Is your network, servers and IT infrastructure vulnerable to hacking and cyber attacks? Find out with a vulnerability assessment performed by white hat hackers. Call 877-708-8900 to speak with an cyber security expert.
A vulnerability assessment simply identifies and reports noted vulnerabilities, whereas a penetration test (Pen Test) attempts to exploit the vulnerabilities to determine whether unauthorized access or other malicious activity is possible.
Vulnerability testing is a process that detects and classifies security loopholes (vulnerabilities) in the infrastructure.
For applications, this requires testing on the broad consensus about critical risks by organizations like The Open Web Application Security Project (OWASP) and The Web Application Security Consortium (WASC). Vulnerability testing tools and vendors can also propose countermeasures to remove those vulnerabilities followed by a validation test to confirm that the security issues have been resolved.
Benefits of Vulnerability Assessments
People trusting you with their data want to know you’re able to protect it. In more and more industries, providing security assurance is a prerequisite for winning or retaining business. Failure to conduct network vulnerability assessments is becoming a major red flag. Whereas attestation of robust network security is a growing competitive advantage.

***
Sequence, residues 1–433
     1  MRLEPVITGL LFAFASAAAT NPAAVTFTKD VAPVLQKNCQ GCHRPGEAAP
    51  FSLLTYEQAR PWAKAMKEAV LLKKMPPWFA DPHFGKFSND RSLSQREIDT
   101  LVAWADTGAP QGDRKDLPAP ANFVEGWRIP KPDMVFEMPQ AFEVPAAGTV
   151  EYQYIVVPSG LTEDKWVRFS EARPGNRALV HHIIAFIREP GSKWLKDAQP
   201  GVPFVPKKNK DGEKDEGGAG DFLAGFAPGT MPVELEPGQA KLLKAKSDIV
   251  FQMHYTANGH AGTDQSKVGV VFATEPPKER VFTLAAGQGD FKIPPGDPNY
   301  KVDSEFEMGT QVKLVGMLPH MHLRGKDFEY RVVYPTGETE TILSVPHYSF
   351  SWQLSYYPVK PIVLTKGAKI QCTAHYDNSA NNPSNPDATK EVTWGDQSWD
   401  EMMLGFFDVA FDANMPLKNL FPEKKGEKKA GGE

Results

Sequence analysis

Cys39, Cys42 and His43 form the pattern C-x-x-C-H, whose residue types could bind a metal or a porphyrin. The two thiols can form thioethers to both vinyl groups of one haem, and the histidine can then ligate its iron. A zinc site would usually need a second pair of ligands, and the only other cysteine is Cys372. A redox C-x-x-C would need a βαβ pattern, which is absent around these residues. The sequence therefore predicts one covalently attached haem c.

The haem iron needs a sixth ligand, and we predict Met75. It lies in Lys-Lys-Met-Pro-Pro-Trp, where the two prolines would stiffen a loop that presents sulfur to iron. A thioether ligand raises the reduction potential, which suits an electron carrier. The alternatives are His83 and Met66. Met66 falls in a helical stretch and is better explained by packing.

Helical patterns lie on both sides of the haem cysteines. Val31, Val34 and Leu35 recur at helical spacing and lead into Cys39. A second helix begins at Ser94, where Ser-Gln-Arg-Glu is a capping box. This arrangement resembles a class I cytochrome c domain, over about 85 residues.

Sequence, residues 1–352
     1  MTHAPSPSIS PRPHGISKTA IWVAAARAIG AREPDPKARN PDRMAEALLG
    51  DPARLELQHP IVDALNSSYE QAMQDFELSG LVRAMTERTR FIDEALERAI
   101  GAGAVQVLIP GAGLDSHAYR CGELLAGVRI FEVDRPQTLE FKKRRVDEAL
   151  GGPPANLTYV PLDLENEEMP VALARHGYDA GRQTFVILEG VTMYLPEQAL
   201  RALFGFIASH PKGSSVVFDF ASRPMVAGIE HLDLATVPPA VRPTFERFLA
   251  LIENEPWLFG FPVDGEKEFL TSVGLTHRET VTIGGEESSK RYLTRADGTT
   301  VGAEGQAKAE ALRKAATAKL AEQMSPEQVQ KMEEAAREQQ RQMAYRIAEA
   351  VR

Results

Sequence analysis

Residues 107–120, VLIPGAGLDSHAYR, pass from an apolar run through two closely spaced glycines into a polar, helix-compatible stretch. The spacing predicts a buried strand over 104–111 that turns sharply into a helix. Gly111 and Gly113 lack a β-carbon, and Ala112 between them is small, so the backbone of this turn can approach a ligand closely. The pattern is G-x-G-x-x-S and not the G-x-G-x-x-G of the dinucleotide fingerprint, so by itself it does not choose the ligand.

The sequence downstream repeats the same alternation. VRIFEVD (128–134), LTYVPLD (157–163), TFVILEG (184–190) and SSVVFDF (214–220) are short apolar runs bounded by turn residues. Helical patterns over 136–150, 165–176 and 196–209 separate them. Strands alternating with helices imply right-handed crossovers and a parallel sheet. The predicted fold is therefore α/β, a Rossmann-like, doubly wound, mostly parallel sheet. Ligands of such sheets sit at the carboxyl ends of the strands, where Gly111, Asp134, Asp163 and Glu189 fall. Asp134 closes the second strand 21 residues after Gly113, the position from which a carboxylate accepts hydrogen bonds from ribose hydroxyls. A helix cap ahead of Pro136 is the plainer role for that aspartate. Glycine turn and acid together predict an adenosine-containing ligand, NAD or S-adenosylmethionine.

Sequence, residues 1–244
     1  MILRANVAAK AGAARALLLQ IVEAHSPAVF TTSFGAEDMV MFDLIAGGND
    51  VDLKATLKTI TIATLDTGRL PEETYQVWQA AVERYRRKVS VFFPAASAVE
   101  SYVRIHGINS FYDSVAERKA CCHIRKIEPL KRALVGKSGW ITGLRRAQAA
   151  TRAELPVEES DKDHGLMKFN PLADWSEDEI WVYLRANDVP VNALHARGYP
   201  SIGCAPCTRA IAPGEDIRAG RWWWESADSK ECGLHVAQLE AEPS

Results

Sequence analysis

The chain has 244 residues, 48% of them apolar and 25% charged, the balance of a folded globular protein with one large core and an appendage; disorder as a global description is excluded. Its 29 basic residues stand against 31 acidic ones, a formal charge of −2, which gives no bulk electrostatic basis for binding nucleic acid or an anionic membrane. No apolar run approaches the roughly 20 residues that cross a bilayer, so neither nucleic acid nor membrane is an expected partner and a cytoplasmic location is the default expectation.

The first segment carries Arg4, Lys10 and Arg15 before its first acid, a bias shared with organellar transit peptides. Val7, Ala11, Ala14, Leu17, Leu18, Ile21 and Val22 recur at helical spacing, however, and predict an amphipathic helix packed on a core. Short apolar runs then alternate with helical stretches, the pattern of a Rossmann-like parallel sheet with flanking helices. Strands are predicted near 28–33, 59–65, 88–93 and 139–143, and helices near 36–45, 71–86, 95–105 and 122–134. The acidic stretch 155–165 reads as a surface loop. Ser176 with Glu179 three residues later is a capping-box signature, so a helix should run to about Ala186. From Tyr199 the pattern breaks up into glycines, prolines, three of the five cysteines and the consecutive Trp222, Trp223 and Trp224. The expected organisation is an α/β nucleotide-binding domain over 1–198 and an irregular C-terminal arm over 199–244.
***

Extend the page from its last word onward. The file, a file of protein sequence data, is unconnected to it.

If you operate in a regulated industry and need to comply with PCI, Sarbanes-Oxley (SOX) or HIPAA regulations among others, “rigorous vulnerability management practices” are basically mandated to maintain compliance. Network vulnerability assessment is also key to achieving and retaining cybersecurity certifications like ISO 27001.
Third Party Validation
Are the vendors you rely on for IT services like VoIP, backup, email, system administration, etc. helping or hurting your security posture? An independent network vulnerability assessment can be an excellent “cross-check” on third-party performance. It’s amazing how often we find network issues that directly relate to service providers failing to account for security; e.g., retaining default device passwords so the tech “always knows the password.”